ANIDA YOEU ALI: It wasn’t really a choice. My process and journey have taken me into a transnational framework. For most diasporic folks, they may only get one chance to “return” to their parents’ native land or their own “motherland.” And for some, living in diaspora is not by choice but a kind of exile, thus never even affording the opportunities for any kind of return. But for me I have truly lived a kind of “back and forth” experience where that “in-between” space has become a bridge or tunnel (much like the ideas behind The Buddhist Bug series) connecting distances between multiple homes. In other words the “in-between” has been a powerful space for creation, which I have whole-heartedly embraced. Sometimes parts of those hybrid identities are made more visible through certain works, sometimes they are much more subtle but always they are intersectional and always unapologetically me. I am of mixed heritage being Khmer, Malay, Cham and Thai – a reminder of how fluid the borders were before the Vietnam War devastated Southeast Asia. When my parents’ finally took us on our first overseas trip “home” in 1992 it was not to Cambodia but rather Malaysia. I actually never stepped foot in Cambodia until I was 30 years old in 2004 – 25 years after my family fled the Khmer Rouge. When I took residency in Phnom Penh from 2011-2015 that was when my artistic work took on a scale and scope that felt truer to who I wanted to be as an artist. It felt like everything that I had created in America prior were merely sketches and prep work for what would and could only be unleashed once I made the choice to root myself in my ancestral land. I appreciate and honor all of my Asian American movement work especially within spoken word and theater because that body of work gave me the confidence and courage to speak my mind and rage on. My work in America prior to 2011 gave me the fire, the community and the language I needed to keep going no matter what system, circumstances and displaced situation I would experience. I know it is a privilege to be where I am having the ability to work both in Southeast Asia and the US, and for the most part to take my work internationally. I love that I get to make and present work in various corners of the world and am perfectly comfortable doing so. I love that I have multiple places I call home from Chicago to Cambodia and Kuala Lumpur to Tacoma.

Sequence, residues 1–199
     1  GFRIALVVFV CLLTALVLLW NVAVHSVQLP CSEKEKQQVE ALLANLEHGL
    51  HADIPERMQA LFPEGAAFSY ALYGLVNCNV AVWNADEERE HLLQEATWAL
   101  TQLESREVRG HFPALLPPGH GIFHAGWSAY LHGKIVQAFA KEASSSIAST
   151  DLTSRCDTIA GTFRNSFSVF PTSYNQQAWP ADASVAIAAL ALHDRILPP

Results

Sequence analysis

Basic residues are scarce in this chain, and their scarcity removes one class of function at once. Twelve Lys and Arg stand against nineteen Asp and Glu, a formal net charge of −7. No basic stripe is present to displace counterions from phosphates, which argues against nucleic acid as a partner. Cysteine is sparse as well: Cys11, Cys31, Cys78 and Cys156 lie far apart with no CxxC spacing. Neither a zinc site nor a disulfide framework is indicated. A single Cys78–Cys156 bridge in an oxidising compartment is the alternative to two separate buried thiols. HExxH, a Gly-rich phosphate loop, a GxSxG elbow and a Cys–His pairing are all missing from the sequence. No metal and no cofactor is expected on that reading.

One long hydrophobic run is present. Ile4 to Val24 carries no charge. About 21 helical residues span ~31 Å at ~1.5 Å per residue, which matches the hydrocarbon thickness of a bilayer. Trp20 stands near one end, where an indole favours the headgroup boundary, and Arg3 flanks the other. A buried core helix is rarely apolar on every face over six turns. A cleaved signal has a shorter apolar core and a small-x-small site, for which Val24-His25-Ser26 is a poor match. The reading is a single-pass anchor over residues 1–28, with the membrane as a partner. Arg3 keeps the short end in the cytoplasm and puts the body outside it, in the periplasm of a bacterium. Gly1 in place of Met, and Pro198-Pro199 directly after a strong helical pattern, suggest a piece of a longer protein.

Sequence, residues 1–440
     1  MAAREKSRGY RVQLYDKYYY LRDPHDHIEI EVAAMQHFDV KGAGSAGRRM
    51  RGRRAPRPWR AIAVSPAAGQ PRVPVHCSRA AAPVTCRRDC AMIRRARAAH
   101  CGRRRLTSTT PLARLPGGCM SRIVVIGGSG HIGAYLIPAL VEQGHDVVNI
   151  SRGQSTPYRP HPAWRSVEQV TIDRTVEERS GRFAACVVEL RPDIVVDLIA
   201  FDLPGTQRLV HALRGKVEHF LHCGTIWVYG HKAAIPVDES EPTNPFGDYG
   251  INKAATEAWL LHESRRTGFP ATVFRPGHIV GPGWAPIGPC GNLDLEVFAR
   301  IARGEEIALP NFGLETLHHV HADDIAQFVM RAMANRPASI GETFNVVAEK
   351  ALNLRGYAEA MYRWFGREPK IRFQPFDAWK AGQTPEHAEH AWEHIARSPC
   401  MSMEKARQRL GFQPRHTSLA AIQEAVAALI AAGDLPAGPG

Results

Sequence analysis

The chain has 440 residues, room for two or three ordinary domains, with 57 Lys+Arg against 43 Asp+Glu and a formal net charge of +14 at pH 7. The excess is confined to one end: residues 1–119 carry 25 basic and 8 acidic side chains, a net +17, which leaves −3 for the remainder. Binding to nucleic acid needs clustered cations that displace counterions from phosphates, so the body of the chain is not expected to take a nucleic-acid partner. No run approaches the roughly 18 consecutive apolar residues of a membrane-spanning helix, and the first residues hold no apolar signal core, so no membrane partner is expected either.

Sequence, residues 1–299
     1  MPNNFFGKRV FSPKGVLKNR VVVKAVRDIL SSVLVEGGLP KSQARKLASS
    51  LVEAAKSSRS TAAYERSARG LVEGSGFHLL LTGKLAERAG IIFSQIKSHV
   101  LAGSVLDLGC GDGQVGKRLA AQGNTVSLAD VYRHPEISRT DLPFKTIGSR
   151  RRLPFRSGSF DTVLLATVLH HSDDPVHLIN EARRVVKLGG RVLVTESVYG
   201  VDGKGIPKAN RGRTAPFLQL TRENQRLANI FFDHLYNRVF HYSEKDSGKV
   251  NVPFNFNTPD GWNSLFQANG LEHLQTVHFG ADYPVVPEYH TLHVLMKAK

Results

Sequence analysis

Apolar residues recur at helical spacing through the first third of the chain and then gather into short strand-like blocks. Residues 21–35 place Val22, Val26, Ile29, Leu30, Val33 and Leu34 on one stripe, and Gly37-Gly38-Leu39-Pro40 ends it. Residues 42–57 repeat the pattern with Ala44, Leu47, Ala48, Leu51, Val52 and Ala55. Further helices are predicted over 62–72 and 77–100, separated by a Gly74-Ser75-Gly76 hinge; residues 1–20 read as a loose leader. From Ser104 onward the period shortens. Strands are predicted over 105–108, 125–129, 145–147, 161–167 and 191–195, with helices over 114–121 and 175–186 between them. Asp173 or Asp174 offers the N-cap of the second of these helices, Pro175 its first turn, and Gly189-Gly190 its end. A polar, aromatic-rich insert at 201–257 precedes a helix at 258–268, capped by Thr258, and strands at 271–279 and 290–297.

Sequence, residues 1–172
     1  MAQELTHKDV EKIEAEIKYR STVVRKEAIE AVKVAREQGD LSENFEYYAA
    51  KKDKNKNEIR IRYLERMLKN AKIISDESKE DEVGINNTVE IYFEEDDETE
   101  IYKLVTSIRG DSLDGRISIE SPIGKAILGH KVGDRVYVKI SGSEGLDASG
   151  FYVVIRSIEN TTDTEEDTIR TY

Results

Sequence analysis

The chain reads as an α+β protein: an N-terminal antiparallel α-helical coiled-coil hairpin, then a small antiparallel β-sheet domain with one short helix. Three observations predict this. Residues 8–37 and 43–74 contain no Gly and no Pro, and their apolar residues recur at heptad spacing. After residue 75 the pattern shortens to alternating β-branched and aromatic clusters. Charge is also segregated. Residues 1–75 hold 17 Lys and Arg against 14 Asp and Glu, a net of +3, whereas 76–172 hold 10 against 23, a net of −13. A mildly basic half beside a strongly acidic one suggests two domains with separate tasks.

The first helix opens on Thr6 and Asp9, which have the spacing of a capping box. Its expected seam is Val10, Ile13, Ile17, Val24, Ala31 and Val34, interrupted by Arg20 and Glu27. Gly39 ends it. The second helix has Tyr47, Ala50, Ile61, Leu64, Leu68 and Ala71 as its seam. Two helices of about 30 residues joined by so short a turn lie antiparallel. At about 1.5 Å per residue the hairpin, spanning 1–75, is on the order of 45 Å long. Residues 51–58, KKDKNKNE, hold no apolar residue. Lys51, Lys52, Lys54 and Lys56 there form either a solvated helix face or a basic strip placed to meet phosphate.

DS: Who/where is your community or communities? Who/where is your intended audience(s)?